Interviewing Skills Training Course: QUESTIONING SKILLS P1

Our one-day interviewing skills course is tailored for delegates who would like to gain better interviewing skills and learn how to conduct successful interviews for choosing the right employee(s). Our Interviewing course will show candidates how to; gain winning interview skills; give better interviews; be a better interviewer and learn how to interview effectively. As well as improving interviewing skills, delegates will also learn recruitment and employment law.


The Open Question

It is best to start with an open question. Open questions start with words ‘who’, ‘what’, ‘where’, ‘why’, ‘when’, ‘which’ and ‘how’. They encourage the candidate to open up and talk more. The more open the question, the wider the answer. The candidate can offer what he/she thinks is most important. However, too general a question, “Tell me about yourself” can be difficult to answer.

You will get nowhere if the applicant responds to all your questions with ‘yes’ or ‘no’ or ‘3 years and 5 months’. The key is in how you ask the question. It is impossible to give one-word answers to almost any question which begins with how, what, where, why or when.

The things you need to explore include:

1.     Not just who they worked for but what they did in the job. What was their contribution?

2.    What did they learn from the job? Therefore what can they bring to you from that experience?

3.    Why did they leave the previous employer and how did a subsequent job match their expectations – in other words is there logic or growth in their career history?

4.    How did their reasons for leaving and joining different organisations match with their starting and leaving salaries? Is claimed career progression matched by salary progression?

Examples of  good open questions: Open questions are especially useful to get nervous candidates to talk:

“I see from your CV that you…tell me about it”

“I’d like you to tell me about a time when…”

“How do you go about…?”

“Tell me about your job responsibilities.”

“Tell me about a typical day.” (This helps you to see what areas you could probe on).

 “What sort of problems do you encounter in your job?”

“What targets and objectives do you work to?”

“How do you monitor performance?”

 “How do you organise your work schedule?”

“What do you like most/least? Why?”

“What are your strengths?”

“What have you done to address your development areas?”

‘Follow up’ or probe questions

Use when you do not have enough information, or to discourage vague answers.

Tell me more about…”, or “Can we go into this a little deeper?”

Further examples of ‘follow up’/ probe questions are:

“How did you tackle that?”

“Why did you do that?”

“What else were you aware of?”

“Would you enlarge a little on that for me please?”

The Closed Question

These questions can be used to probe for specific information, or to control an over talkative person. But used too often, they make an interview sound like an interrogation.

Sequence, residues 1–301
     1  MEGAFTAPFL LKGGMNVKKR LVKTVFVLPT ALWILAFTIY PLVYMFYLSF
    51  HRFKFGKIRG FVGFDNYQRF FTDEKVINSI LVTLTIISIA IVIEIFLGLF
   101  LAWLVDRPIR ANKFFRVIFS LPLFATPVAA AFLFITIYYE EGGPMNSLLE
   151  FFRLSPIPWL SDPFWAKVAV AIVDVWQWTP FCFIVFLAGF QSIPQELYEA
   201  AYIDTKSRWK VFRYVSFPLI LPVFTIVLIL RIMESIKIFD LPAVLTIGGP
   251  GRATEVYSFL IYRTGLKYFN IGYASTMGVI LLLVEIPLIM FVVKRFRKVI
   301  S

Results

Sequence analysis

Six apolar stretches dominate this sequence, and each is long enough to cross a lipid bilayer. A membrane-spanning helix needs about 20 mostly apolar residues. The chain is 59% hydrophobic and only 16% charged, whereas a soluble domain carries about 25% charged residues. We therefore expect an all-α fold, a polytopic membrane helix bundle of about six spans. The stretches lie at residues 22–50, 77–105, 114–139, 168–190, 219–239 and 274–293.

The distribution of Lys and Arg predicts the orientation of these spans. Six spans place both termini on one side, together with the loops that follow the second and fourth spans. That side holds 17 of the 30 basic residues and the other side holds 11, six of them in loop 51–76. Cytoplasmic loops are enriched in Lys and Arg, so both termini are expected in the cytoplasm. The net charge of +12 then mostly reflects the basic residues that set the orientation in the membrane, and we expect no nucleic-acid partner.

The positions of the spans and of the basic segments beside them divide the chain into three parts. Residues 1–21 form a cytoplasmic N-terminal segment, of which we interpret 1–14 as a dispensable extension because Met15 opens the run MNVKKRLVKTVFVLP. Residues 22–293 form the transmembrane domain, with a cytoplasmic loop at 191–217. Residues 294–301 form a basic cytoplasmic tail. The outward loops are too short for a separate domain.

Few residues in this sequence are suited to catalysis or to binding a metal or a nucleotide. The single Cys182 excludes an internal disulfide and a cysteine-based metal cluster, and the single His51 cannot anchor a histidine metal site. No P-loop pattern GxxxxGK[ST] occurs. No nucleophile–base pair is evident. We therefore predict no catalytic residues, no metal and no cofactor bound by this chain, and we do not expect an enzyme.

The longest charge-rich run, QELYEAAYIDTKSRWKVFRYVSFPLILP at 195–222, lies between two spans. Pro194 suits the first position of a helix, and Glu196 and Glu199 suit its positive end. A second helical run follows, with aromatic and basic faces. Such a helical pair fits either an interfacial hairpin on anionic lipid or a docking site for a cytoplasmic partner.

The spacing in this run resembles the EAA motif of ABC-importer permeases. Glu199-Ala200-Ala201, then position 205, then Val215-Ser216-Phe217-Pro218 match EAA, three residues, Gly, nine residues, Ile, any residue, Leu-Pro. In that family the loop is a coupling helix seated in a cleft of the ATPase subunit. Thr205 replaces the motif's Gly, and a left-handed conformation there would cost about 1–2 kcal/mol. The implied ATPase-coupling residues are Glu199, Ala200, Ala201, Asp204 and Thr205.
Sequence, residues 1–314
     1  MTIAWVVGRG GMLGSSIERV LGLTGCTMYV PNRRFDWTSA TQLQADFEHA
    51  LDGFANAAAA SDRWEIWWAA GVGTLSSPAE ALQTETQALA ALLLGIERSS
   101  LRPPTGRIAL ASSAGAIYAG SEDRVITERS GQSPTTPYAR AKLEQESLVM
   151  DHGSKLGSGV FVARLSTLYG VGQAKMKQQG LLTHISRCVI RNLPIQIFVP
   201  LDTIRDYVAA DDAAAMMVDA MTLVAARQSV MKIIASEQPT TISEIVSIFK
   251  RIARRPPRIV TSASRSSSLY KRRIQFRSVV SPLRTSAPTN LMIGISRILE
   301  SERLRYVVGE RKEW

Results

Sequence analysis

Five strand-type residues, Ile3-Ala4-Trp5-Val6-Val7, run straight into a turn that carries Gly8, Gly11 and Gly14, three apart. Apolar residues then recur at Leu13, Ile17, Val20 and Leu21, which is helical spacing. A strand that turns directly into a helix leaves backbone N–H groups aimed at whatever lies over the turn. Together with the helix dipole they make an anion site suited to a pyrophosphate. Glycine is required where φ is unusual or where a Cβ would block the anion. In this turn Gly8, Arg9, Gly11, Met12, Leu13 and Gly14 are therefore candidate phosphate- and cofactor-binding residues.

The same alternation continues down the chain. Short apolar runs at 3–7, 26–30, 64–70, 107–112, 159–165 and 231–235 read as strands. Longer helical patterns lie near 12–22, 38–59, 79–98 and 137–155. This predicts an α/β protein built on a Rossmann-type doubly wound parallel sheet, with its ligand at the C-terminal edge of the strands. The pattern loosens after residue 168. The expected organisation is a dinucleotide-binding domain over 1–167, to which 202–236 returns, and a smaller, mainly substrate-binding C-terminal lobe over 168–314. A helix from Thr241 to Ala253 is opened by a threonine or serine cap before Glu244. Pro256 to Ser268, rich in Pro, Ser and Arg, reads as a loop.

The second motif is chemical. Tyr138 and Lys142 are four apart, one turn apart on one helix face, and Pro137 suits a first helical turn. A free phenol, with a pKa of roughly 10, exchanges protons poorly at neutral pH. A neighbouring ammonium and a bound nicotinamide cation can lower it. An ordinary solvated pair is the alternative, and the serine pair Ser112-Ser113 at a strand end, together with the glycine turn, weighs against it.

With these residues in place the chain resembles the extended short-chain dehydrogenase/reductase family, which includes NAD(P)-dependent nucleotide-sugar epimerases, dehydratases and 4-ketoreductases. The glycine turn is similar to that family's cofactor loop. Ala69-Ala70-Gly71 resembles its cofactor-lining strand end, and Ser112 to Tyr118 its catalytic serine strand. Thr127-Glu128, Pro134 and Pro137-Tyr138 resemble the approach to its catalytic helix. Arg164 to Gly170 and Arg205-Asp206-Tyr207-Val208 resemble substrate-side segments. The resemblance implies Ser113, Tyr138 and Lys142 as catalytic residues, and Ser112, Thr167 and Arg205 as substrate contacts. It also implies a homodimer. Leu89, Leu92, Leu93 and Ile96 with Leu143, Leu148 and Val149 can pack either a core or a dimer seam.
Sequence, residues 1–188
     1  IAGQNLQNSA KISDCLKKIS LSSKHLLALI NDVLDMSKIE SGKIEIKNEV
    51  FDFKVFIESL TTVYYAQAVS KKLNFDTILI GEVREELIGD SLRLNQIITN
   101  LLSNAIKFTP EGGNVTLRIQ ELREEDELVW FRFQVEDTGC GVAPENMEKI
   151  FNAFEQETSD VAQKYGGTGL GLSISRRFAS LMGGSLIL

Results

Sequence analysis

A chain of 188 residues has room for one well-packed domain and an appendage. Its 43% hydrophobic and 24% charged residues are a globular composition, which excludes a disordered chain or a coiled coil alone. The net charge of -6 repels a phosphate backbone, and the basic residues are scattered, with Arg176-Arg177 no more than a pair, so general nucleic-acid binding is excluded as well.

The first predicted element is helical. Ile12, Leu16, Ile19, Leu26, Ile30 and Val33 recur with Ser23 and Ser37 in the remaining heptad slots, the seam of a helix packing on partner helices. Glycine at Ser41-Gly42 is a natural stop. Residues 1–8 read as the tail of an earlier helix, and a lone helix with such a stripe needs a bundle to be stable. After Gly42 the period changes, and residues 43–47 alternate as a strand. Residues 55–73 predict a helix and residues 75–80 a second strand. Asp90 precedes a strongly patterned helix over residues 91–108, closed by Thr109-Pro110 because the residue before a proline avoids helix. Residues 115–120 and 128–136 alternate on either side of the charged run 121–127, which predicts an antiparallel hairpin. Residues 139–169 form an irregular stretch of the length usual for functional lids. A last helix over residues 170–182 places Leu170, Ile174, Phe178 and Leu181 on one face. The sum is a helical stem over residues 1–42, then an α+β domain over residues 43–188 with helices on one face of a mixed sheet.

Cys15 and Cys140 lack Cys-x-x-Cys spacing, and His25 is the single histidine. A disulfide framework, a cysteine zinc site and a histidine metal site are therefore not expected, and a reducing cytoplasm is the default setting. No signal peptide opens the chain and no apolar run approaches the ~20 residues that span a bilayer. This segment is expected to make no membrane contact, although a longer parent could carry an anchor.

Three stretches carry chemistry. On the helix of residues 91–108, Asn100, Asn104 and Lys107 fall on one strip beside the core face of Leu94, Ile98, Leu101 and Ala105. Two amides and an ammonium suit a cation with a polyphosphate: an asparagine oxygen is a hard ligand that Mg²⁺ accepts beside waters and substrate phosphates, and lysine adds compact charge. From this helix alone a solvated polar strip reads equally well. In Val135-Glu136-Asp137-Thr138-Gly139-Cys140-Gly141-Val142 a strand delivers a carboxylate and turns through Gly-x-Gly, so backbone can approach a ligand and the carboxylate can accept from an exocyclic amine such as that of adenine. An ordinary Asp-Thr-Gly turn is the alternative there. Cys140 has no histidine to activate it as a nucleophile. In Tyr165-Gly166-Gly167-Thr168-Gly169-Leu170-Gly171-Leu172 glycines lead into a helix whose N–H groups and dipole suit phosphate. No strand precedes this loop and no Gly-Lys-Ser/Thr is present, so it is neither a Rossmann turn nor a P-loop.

Examples are:

“Did you…?”    “Have you…?”

“Could you…?”     “Will you…?”

Comparison Question – this is an effective, ‘open’-style question

“How did that project compare with the previous one?”

People find this easier to answer than direct questions about their likes and dislikes. It is also a useful question for exploring attitudes.

Scenario Based Question – this gives the candidate the opportunity to impress you with their ability to think things through

The key to this type of question is to give the candidate a typical scenario to see how they would handle it. Important to discover if they have skills, techniques and strategies that they can use in your organisation. “Tell me what you would do in this situation when………….?”

Learning or Reflecting Questions

These questions are used to gauge what the candidate has learnt from his current job or projects within it. Answers may reveal what skills were used, and even how that learning has been applied since, e.g. ‘What did you learn from that?’ ‘How would you apply that to your current job?’

Link or Bridging Questions

“Thank you, I was very interested in…can we now move on to talk about that?”

This is a polite way of moving your candidate on to the next area without seeming abrupt.

Final Question

“Is there anything we have not covered that you would like to add?”

Such a question can lead to important additional information.

Interviewing Skills Course

This course will cover the practical skills needed for successful interviewing and our reputation for effective recruitment training has been endorsed by many delegates. Those who have attended the course have described it as being productive, informative and focused. It allows delegates to understand the stages of carrying out interviews and shows them how to conduct an effective interview so that they are able to attract the best candidates and choose the best person for the job. We guarantee to deliver the best employment strategies, tips and techniques for better interviewing and recruiting skills.

Course Dates

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Who will benefit from the course?

Our course will cover the practical skills needed to make recruitment interviews productive and focused. It will allow delegates to understand the stages of the recruitment process and how to conduct an effective interview so that they are able to attract the best candidates and choose the best person for the job.

Our courses allow all staff to benefit from enhanced interviewing skills. The types of delegate we have trained previously are:

  • Directors and senior managers
  • Sales and fundraising staff
  • Local government employees
  • Managers, department heads, team leaders and supervisors
  • Technical and academic team members

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